SEPTEMBER 27, 1996
As Palestinian protesters and Israeli soldiers continue to battle and shed blood for a third day, many ask if the peace process will ever recover from the unrest caused by the opening of a tunnel entrance near two of Islam's most holiest sites. After this background report on the latest struggles, Charlayne Hunter-Gault discusses the situation with former Secretary of State James Baker and former National Security Advisor Zbigniew Brzezinski.
A RealAudio version of this NewsHour segment is available.
Sept. 27, 1996
Former Secretary of State James Baker and former National Security Advisor Zbigniew Brzezinski question the commitment of current Likud government to the peace process.
Sept. 26, 1996
Officials from the opposing sides in the Israeli/Palestinian conflict give their viewpoints on why the recent violence erupted and what can be done.
July 30, 1996
President Mubarak of Egypt discusses his first meeting with Israel's President Netanyahu
May 30, 1996
Netanyahu's victory in the Israeli elections.
May 28, 1996
Charles Krause looks at the political forces that shape how Israeli's vote.
April 26, 1996
After a week of shuttling between Israel and Syria, U.S. Secretary of State Warren Christopher announced a comprehensive ceasefire to end the hostilities in southern Lebanon.
CHARLAYNE HUNTER-GAULT: The flash point of this crisis has been the opening of a second door of a tunnel in the old city of Jerusalem. The tunnel runs from the Western Wall or Wailing Wall, a holy Jewish place, alongside two sacred Moslem places, the Dome of the Rock and Al-Aqsa Mosque.
The second entrance was opened early Tuesday morning. We start with a report from Gaby Rado of Independent Television News.
GABY RADO: --at the Al-Aqsa Mosque on Jerusalem's Temple Mount, the third holiest place to Muslims. Below the wall surrounding it the tunnel opened by the Israelis which sparked off this week's carnage.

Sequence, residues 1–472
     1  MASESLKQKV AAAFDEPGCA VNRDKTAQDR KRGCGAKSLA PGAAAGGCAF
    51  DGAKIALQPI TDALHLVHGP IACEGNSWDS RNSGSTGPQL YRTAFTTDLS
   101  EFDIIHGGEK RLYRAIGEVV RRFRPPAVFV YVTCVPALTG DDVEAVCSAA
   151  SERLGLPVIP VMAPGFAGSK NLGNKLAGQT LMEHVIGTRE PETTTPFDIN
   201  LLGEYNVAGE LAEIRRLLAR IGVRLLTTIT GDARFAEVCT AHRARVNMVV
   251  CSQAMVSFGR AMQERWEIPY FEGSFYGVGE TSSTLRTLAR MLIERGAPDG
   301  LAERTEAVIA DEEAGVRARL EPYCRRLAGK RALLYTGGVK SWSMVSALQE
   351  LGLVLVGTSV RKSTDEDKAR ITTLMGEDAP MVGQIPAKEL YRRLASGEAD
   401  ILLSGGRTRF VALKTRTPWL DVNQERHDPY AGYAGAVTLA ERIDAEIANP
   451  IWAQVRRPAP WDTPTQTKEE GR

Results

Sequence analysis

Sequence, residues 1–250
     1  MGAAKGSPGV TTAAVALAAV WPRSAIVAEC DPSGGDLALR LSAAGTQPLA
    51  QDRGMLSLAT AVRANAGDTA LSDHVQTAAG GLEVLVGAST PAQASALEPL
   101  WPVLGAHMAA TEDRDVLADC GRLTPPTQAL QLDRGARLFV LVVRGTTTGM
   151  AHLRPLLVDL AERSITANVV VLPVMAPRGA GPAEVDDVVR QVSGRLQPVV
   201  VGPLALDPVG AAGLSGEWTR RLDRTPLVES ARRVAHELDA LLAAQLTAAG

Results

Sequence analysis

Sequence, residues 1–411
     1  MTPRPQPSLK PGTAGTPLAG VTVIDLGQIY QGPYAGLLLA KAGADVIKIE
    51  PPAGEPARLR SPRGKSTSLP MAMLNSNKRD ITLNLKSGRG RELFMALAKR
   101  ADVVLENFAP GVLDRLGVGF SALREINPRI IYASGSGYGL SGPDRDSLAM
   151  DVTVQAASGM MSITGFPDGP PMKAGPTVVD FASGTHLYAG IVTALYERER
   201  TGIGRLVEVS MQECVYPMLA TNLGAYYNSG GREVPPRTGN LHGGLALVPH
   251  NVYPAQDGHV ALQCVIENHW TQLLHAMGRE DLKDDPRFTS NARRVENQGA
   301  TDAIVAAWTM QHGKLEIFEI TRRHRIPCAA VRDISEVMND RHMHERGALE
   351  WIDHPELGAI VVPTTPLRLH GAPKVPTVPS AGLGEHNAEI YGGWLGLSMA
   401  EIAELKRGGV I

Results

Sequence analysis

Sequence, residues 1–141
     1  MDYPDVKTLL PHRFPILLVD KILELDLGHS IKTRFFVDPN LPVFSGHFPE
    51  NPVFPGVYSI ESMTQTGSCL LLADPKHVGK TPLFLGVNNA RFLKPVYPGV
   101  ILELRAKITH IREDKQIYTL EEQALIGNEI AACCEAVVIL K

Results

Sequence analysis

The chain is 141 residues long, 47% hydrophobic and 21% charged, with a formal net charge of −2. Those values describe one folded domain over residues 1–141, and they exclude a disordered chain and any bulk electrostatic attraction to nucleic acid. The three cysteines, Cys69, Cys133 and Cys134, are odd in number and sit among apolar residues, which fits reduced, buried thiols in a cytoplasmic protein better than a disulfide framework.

Inevitably, some of the faithful picked up stones and threw them at the Israeli troops out of sight here. Then of course the bullets began to fly.
First reports spoke of three dead and at least 50 people injured. For the third day running Palestinian frustration had provoked an uncompromising Israeli military response.
For the third day running, casualties among the Arabs outnumbered those suffered by the Israelis. But no sign that the anger feeding the violence was going to abate.
By mid-afternoon, there were other flare-ups on the West Bank and Gaza Strip, resulting in the deaths of two Israeli policemen and a Palestinian.
Once the shooting had died away on Temple Mount, Israeli police swamped the streets inside and outside the old city of Jerusalem. The tension between them and the Palestinian residents of the area was obvious.
The high state of alert of the Israeli security forces has not served to intimidate the Arab population. It's clear that at the moment any incident could have set this nervous stand-off. The crisis has not been resolved. It is smothered for a while in a security blanket.
The funerals today of Israeli soldiers killed by Palestinian guns, always this nation's worst nightmare, brought out agonizing doubts of the wisdom of the government's actions. The full cabinet meeting today is responsible for the decision on opening the west wall tunnel which led to a blood bath.
While closing the tunnel has been ruled out, the official line remains that it's a mere tourist attraction. There is now an admission that the consequences have not been thought through.
DAVID BAR-ILAN, Israeli Prime Minister's Spokesman: We did not really expect this kind of havoc to occur.
It was perhaps a miscalculation, but the fact is that we thought that a step of this kind, which could only conduce to greater prosperity in the city of Jerusalem and benefit particularly its Arab population should be part and parcel of the peace process and should be welcomed by the whole world and, of course, by the Arabs themselves.
The fact that it was not was a great surprise.